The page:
Ron Paul has certainly received the attention of disaffected Americans in his run for the presidency. Many young people and previously apathetic citizens have been drawn to the Ron Paul revolution because of his unique message as compared to the other candidates. But there are still some non-voters out there that refuse to participate in politics. They ask, "Why should I trust him?"
It is certainly a legitimate question to ask why we should trust another politician. What makes Ron Paul different from any other candidate today or in the past? Candidates say one thing and then they do something completely different once in office.
While we cannot accurately say what every person will do, we can certainly make good predictions based on the information we have. Anything is possible. George W. Bush could turn libertarian tomorrow or Osama Bin Laden could convert to Christianity, but we can reasonably predict that these things won't happen.
There are two primary reasons why we can reasonably predict that Ron Paul's policies in office would be similar to what he preaches. The first reason is his past record. He has been in Congress for ten terms and we can see how he has voted. He has consistently voted to uphold the principles that he advocates.
When there is a vote in the House of Representatives that reads something like 420-1, we can take a good guess that he was the one "no" vote. That is how he got the nickname Dr. No. He does not vote in favor of any legislation that is not specifically authorized in the Constitution. Since most bills passed in Congress are unconstitutional, Ron Paul often has to vote no.
Ron Paul's voting record alone makes him a unique politician. George W. Bush campaigned in 2000 for no nation building and cutting taxes. Ronald Reagan campaigned in 1980 and 1984 to get the government out of our lives. Even under Reagan, the federal budget grew approximately two-thirds bigger. Ronald Reagan continued to preach less government throughout his presidency, but his policies rarely reflected his rhetoric.
But we can look at the records of Bush and Reagan when they were governors. It should not be any great surprise that they embraced big government once in office as president. They both expanded the budgets in their respective states and failed to make significant cuts in government programs. And this is aside from the fact that even some of their rhetoric was far from libertarian, such as their enthusiasm for the war on drugs.
The second reason to trust Ron Paul to do what he says is because he offers us specifics. It is easy for Mitt Romney or Rudy Giuliani to say they will cut taxes, but does that just mean more deficits? Aside from Ron Paul, none of the candidates have been able to point out specific areas where they will cut spending.
Ron Paul says we need to leave Iraq and stop policing the world. Dismantling the U.S. empire would immediately cut hundreds of billions of dollars out of the budget. He also says we can get rid of the Department of Education and the Department of Energy, among others. We can also stop farm subsidies and handing out foreign aid. These are all specific measures to reduce spending which could actually produce real tax cuts.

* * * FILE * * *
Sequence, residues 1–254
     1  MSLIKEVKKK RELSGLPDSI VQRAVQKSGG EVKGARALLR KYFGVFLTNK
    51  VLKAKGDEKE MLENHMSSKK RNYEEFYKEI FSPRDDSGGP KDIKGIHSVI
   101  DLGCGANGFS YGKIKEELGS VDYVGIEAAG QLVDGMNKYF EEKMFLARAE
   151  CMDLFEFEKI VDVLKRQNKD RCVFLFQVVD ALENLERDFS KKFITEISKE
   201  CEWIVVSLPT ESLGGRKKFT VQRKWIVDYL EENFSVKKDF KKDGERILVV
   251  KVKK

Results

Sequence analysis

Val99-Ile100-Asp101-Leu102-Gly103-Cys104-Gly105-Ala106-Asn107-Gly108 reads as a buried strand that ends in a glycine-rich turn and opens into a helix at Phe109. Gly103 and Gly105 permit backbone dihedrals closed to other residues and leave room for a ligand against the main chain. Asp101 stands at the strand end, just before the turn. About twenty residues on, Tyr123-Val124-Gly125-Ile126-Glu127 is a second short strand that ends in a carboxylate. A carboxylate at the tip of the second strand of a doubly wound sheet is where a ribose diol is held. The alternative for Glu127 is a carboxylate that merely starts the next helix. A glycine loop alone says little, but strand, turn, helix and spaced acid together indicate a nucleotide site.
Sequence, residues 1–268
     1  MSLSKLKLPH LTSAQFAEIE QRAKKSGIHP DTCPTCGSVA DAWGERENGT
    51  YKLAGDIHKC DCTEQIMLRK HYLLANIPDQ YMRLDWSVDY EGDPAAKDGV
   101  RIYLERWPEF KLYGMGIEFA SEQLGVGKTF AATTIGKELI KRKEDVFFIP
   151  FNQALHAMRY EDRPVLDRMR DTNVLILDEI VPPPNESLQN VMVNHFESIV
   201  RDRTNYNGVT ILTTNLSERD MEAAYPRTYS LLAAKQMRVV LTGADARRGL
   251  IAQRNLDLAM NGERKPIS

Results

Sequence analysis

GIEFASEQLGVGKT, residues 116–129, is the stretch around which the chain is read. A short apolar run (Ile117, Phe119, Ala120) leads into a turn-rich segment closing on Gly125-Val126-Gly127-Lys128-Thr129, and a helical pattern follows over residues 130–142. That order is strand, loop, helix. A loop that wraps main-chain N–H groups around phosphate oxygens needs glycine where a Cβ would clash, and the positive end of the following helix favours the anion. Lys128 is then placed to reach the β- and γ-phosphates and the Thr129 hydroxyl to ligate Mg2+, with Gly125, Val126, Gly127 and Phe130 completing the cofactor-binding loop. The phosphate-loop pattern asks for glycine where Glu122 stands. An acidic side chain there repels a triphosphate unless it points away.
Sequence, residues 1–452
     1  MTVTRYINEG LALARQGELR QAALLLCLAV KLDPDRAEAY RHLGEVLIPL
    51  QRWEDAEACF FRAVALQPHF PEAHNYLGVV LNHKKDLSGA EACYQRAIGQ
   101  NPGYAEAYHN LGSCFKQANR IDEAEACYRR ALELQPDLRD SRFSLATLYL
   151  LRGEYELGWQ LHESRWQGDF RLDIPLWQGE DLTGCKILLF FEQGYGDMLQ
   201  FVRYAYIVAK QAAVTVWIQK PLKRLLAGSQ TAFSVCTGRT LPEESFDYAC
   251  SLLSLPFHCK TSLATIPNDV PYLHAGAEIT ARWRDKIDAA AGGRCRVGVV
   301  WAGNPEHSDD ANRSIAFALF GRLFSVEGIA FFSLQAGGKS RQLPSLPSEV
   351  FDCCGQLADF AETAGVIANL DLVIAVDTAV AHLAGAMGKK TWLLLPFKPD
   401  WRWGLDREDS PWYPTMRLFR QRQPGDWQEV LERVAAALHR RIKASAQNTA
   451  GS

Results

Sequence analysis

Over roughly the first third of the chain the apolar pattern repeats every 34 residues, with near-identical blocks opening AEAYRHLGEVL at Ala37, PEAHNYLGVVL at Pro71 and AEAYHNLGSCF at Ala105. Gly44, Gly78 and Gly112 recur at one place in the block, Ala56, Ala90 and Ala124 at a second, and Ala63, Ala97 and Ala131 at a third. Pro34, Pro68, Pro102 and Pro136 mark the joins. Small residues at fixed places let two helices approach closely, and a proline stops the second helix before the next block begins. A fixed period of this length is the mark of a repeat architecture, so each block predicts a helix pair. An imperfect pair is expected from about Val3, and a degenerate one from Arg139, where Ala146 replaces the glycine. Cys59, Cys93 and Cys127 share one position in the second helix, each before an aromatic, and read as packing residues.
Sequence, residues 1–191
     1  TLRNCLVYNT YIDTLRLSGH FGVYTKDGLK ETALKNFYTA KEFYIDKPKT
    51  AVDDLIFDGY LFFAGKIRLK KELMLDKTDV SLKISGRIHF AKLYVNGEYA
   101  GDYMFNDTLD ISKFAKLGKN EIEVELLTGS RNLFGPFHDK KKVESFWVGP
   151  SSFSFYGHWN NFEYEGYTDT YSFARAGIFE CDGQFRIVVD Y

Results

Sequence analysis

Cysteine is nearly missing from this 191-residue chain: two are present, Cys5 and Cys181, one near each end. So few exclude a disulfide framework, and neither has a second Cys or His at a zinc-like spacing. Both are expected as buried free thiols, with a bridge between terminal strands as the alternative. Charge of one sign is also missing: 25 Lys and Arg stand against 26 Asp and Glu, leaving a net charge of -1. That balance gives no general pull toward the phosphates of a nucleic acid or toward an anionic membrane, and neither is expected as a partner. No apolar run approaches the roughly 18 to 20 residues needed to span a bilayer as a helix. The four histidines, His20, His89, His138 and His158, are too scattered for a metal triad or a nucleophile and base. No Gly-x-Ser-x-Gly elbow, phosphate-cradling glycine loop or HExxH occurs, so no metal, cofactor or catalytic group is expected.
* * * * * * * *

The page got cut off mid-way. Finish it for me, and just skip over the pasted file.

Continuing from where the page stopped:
John McCain will talk about stopping pork-barrel spending (which in his terms makes up less than 1% of the total budget) and other candidates will talk about stopping wasteful spending. But they are short on specifics. This means they have no specific plans to cut the size and scope of government. There is no such thing as a free lunch. In order to cut taxes without increasing deficits or inflating, you have to cut the budget. The only candidate who offers specific programs and departments to cut is Ron Paul.
It could be argued that Newt Gingrich and the Republican Congress offered specific proposals in 1994 with their Contract with America. But most of the items were modest proposals that did little to shrink government. And again, many of the Republican Congressmen (like Gingrich) that were part of this already had a track record of big government.
Many Democrats (hopefully former Democrats) have recognized that they can trust Ron Paul. He speaks firmly and with conviction about ending the war. From the Democratic candidates (possibly excepting Kucinich and Gravel), you hear wishy-washy statements about the need to keep a presence in Iraq with no promises to end the war immediately.
By looking at Ron Paul's record and by hearing his specific proposals, you can be reasonably sure that he will do what he says. His message is consistent and unyielding and it just so happens that his message of freedom is the correct one.
December 18, 2007